Democracy Lover said...

When you are CEO of a corporation, you are responsible for everything that happens in that company. If you are VP or Director of a division of a company, you are responsible for everything that happens in that division. If you aren't doing your job, you should be fired and if you don't know that your subordinates are selling ridiculous crap like CDO's and Credit Default Swaps that are openly traded then you are one hell of a dumbass.

Let's not kid ourselves. The AIG executives knew what was going on and they didn't care because they were making a pile of money. Like any businessman, they took risks and like any businessman, if those risks turned out to be bad ones they should bear the cost not the taxpayers.

Krauthammer and others in the Washington elite are hot to squash any popular discontent by telling us that the management of these companies are really smart people who are the only ones who can fix things. Trouble is, we know they aren't that smart or they wouldn't have got into this mess in the first place.

Muggins said...

I don't know about squashing, but populist movements are subject to criticism just like everything else.
The point made by the AIG CEO, Ed Liddy, in the congressional hearings this week was that the execs who were responsible for the strategic decisions to take too much risk were gone, and the ones receiving bonus' were not those people. But the people are furious, so we have to blame more AIG people? Or they're furious because the taxpayers are footing the bill for the bonus', or they think that the people getting the bonus' are the ones who created this mess. Or all of the above.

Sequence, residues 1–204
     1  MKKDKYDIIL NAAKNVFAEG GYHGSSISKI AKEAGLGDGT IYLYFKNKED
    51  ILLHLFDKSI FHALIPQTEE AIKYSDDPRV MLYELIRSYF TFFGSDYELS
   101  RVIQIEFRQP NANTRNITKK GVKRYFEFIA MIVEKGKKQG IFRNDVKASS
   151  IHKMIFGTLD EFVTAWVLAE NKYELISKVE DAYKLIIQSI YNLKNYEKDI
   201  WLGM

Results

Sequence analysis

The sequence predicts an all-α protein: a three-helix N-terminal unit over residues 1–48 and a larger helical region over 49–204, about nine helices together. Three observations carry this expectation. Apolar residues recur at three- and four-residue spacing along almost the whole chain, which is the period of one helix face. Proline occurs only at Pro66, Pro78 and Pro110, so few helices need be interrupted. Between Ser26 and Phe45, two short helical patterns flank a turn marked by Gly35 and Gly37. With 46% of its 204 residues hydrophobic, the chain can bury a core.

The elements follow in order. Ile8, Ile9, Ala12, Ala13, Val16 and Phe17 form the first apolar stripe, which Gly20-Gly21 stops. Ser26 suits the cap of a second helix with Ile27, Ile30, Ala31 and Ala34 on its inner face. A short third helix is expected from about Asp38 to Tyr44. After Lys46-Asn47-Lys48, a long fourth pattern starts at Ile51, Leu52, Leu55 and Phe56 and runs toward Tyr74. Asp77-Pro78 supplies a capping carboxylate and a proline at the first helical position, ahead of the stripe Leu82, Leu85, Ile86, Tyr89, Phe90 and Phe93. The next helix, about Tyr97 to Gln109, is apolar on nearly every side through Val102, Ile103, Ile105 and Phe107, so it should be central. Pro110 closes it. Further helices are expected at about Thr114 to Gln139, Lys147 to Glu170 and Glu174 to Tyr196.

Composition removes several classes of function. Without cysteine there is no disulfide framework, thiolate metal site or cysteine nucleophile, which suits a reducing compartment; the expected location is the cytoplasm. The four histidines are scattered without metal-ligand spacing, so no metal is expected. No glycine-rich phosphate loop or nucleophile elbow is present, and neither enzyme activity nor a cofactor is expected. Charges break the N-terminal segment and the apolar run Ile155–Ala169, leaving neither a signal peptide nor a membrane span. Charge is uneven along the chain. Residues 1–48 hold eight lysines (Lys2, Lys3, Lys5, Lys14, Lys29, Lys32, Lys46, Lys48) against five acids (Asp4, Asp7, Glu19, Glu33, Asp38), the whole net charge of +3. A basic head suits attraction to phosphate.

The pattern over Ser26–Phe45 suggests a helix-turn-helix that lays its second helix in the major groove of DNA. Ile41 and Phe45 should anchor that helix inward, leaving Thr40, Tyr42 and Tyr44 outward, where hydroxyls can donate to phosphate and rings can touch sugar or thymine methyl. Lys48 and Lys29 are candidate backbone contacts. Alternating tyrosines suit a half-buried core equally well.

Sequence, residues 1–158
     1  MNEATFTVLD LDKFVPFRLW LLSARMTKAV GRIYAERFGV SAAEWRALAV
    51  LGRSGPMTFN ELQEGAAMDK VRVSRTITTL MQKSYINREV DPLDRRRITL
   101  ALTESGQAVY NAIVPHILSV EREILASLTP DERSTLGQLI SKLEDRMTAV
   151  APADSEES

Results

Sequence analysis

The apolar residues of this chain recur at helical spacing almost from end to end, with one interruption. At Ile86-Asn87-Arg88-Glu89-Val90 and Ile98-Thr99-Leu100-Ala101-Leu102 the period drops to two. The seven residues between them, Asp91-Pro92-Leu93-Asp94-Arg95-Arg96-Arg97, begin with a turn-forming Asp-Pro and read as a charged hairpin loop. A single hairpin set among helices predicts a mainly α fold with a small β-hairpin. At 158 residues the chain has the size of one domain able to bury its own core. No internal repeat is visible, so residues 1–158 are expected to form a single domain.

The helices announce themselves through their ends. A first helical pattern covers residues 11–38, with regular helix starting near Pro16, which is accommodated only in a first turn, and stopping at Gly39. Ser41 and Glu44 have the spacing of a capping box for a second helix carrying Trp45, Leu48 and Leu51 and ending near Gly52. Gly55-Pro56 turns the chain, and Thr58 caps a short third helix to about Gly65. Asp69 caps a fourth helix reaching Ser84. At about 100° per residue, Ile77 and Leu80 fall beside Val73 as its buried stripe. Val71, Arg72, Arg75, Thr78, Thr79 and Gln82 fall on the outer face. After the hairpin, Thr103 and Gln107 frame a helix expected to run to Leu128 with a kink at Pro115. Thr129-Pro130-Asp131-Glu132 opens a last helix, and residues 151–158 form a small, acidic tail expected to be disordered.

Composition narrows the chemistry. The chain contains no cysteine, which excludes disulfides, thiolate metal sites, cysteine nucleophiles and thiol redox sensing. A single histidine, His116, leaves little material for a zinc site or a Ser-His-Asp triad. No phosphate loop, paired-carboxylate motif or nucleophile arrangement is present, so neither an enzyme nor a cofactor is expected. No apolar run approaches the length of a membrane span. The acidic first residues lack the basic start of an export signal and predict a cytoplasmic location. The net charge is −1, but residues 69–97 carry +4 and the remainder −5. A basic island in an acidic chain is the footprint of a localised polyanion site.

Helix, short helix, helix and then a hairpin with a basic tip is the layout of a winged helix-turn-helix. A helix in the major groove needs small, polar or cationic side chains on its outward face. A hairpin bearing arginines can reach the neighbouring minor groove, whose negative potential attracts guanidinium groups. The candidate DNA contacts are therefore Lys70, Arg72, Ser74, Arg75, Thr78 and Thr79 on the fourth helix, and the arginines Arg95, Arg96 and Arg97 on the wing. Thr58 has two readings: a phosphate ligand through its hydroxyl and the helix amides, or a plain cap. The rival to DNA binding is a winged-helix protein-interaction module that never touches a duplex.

It's true that the compensation system in corporate America is broken and needs fixing, but I would rather we fix the low velocity of money, and in the case of AIG, sell off much of it's assets thereby reducing the size of that outfit. And then without fury, fix Wall Street, which means rewrite some regulations, and invest in a more
effective oversight system. The Congress should think twice before they go to blame city on the problems facing our economy, especially Barney Frank.

Democracy Lover said...

I would agree that the focus on the bonuses is stupid petty politics. The real issue is the trillions of dollars that the Treasury and the Fed are pumping into corporations with no conditions, no oversight, and no controls.

We got into this pickle because governments of both parties fell for "voodoo economics" with its deregulation, privatization, and weakening of government. That system could work only if all the players were prudent, honest and rational - not bloody likely.